Mock orange (Philadelphus coronarius) is a rangy shrub that produces white sweet-smelling flowers for a short period of seven to 10 days in the spring. It grows quickly to 10 feet tall and wide and grows well in moist, well-drained soil. In the Southern U.S., it prefers to grow in partial shade protected from the hottest afternoon sun. Because it is a spring-blooming shrub, pruning is usually done in the spring, right after the bloom period. If a few limbs are becoming unruly, cut those individual limbs to the ground. For shaping a leggy mock orange shrub, follow a different procedure
Choose a day in early spring before the mock orange shrub has begun to leaf out but when the days are on a warming trend. Shaping the plant in early spring before growth occurs will prevent the mock orange shrub from blooming in the current year, but you will have a stronger, well-shaped plant after it grows back from the ground.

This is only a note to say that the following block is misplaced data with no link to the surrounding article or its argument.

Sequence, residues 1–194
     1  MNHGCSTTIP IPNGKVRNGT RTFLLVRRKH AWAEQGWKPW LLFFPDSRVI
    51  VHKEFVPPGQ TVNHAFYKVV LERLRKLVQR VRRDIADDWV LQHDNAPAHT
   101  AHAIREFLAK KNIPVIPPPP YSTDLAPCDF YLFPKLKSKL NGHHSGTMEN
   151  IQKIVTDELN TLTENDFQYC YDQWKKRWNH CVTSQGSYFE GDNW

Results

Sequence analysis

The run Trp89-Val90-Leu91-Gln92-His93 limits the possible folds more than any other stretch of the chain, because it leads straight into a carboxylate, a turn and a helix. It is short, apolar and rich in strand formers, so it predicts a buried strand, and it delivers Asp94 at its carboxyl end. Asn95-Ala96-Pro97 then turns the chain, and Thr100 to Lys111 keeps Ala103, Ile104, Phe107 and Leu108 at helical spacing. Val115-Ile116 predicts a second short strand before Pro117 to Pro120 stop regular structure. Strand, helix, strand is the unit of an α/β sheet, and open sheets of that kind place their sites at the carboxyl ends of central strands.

Reach in to the base of the plant with the garden loppers and begin pruning all the limbs of the mock orange shrub to ground level. Prune the larger limbs first and the smaller limbs last.
Remove all pruned limbs from the area and dispose of the pruned limbs properly. The mock orange plant will begin growing from the ground when the weather warms, giving the plant a uniform, well-shaped look. Do not prune again until after the next year's bloom period.